London - Oil prices rose on Tuesday as hopes grew of a US deal to avert a "fiscal cliff" of tax hikes and spending cuts in the United States, the world's biggest consumer of crude, analysts said.
New York's main contract, light sweet crude for delivery in January, increased by 49 cents to $87.69 a barrel.
Brent North Sea crude for February advanced 58 cents to $108.22 per barrel in London midday deals.
"Crude oil prices rebounded on Tuesday amid hopes about the US budget details after the meeting between US President (Barack) Obama and House Speaker John Boehner provided some optimistic signs about the US economy, showing potential for a rebound in the US oil demand," said Sucden brokers analyst Myrto Sokou.
Obama hosted top Republican lawmaker John Boehner in the White House for 45 minutes on Monday in the latest effort to keep the US economy from going over the fiscal cliff.
The meeting follows news that Boehner had changed his position on not allowing any more taxes, saying at the weekend that he would agree to some hikes for people earning more than $1m.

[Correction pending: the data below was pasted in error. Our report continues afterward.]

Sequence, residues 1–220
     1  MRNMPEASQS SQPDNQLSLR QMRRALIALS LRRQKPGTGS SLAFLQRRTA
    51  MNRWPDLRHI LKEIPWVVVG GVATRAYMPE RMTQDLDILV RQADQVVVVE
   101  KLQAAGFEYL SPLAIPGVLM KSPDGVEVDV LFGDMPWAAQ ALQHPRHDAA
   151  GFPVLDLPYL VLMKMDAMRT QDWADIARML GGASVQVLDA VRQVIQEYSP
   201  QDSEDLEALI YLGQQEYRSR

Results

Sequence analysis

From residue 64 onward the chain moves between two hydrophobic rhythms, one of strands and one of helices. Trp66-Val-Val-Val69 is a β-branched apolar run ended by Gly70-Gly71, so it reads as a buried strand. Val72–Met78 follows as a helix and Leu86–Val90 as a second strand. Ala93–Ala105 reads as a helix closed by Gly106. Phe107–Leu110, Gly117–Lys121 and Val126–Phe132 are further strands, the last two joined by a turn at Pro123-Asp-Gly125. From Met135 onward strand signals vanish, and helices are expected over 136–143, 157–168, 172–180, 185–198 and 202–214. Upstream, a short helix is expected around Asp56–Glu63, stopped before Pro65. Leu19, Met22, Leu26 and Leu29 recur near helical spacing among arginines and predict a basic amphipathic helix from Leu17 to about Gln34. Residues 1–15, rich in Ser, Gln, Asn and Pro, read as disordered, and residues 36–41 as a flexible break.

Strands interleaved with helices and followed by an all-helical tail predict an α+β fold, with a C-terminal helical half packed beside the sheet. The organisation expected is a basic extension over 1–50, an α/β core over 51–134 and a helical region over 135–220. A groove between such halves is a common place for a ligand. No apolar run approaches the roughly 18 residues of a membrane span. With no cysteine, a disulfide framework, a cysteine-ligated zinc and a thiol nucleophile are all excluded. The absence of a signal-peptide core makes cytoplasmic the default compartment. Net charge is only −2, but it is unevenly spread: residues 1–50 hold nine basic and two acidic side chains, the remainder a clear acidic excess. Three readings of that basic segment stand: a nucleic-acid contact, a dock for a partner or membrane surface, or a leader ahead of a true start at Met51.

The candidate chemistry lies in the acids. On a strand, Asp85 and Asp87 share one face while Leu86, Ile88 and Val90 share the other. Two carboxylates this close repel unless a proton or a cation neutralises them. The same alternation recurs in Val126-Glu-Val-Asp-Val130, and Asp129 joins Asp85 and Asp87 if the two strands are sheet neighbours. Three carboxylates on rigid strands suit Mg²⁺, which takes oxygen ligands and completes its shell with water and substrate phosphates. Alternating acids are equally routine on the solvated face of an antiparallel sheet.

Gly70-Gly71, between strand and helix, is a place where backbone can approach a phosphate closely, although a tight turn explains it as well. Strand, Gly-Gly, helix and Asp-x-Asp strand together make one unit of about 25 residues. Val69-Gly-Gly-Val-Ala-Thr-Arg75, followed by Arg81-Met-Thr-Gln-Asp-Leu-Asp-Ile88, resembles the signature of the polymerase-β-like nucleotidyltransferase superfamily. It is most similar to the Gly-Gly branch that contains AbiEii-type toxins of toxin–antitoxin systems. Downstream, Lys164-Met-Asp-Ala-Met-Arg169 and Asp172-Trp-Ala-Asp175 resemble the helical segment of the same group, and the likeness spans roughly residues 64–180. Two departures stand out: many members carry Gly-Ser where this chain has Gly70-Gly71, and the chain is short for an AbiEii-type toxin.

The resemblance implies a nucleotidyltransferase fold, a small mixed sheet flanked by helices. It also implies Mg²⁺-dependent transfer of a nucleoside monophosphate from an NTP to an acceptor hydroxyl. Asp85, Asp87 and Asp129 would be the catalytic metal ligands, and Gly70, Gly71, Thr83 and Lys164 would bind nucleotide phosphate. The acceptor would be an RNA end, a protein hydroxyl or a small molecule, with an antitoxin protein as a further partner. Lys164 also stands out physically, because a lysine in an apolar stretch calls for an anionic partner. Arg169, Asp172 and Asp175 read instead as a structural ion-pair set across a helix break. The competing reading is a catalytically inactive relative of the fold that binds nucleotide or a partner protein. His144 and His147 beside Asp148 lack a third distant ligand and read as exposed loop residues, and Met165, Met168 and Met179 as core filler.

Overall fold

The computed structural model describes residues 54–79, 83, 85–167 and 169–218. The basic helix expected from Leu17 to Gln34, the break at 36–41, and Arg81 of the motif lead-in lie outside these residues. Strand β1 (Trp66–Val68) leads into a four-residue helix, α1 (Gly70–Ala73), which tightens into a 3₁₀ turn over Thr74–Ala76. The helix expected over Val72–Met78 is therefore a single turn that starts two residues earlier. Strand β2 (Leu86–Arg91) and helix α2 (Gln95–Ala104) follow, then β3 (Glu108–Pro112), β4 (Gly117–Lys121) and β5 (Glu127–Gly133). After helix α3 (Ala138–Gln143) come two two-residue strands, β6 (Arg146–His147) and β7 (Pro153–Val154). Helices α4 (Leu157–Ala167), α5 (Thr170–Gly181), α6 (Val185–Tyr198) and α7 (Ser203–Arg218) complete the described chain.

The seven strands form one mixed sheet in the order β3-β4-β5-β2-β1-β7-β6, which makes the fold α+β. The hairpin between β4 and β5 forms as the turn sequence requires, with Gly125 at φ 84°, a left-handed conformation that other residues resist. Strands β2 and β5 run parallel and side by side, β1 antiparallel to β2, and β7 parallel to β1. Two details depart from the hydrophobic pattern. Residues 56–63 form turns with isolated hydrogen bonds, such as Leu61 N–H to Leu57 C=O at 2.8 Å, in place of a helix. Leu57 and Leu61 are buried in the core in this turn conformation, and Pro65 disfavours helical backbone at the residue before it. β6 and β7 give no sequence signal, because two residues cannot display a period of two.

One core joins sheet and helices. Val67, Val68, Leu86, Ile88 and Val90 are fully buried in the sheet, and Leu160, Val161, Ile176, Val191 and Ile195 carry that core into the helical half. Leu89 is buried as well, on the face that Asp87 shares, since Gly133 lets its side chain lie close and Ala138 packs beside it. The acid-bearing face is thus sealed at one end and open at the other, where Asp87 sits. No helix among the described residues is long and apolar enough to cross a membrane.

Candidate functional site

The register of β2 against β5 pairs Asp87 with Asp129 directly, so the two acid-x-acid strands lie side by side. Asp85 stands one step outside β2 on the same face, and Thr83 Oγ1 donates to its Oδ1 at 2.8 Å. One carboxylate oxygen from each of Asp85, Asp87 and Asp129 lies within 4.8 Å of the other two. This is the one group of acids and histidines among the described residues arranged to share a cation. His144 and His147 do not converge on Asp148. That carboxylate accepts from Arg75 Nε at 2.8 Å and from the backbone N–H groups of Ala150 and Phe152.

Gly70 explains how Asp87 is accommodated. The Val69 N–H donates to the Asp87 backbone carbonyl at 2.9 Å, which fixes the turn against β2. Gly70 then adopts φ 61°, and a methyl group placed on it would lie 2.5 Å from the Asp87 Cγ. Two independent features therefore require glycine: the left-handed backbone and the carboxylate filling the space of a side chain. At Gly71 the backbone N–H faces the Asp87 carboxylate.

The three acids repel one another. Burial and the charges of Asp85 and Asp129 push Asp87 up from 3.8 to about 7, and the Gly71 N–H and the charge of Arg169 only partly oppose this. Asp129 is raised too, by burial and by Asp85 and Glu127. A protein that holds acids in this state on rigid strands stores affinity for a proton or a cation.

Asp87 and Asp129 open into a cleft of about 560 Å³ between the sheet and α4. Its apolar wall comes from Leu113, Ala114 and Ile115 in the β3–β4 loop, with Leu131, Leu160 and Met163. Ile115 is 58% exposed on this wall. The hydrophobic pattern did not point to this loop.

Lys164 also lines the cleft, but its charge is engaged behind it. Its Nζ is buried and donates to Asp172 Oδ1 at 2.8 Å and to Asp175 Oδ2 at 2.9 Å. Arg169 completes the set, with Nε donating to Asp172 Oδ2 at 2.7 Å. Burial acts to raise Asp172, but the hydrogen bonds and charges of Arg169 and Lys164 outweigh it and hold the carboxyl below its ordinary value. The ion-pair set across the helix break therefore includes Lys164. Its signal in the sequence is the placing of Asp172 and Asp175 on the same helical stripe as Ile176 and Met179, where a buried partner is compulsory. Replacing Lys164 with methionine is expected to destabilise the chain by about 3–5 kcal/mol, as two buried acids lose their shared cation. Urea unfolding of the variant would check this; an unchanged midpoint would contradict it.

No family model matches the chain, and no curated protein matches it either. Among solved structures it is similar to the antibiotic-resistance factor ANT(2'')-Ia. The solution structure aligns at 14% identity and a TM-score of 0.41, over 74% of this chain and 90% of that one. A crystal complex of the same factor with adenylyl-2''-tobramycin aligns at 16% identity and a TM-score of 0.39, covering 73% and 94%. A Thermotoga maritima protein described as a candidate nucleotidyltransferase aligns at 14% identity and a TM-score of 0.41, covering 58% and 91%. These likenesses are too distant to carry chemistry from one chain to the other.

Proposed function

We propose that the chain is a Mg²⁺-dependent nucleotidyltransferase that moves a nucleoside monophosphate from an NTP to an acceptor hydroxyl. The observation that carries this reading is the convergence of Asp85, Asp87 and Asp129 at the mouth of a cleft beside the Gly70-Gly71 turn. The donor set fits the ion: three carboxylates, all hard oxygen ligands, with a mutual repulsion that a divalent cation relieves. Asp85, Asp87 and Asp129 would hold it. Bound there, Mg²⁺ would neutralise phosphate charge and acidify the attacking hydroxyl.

Originally Obama insisted higher taxes kick in for households earning more than $250 000, but has since offered to increase the threshold to $400 000.
Analysts say the development shows the outline of a tentative deal is being formed.
Elsewhere on Tuesday, a report said coal was set to surpass oil as the world's top fuel within a decade, driven by growth in emerging market giants China and India, with even Europe finding it hard to cut use despite pollution concerns.
"Thanks to abundant supplies and insatiable demand for power from emerging markets, coal met nearly half of the rise in global energy demand during the first decade of the 21st century," said Maria van der Hoeven, head of the International Energy Agency.
Economic growth is expected to push up further coal's share of the global energy mix, "and if no changes are made to current policies, coal will catch oil within a decade", she said in a statement.
The latest IEA projections see coal consumption nearly matching oil consumption in four years time, rising to 4.32 billion tonnes of oil equivalent in 2017 against 4.4 billion tonnes for oil.
That has consequences for climate change as coal produces far more carbon emissions responsible for global warming than other fuels.
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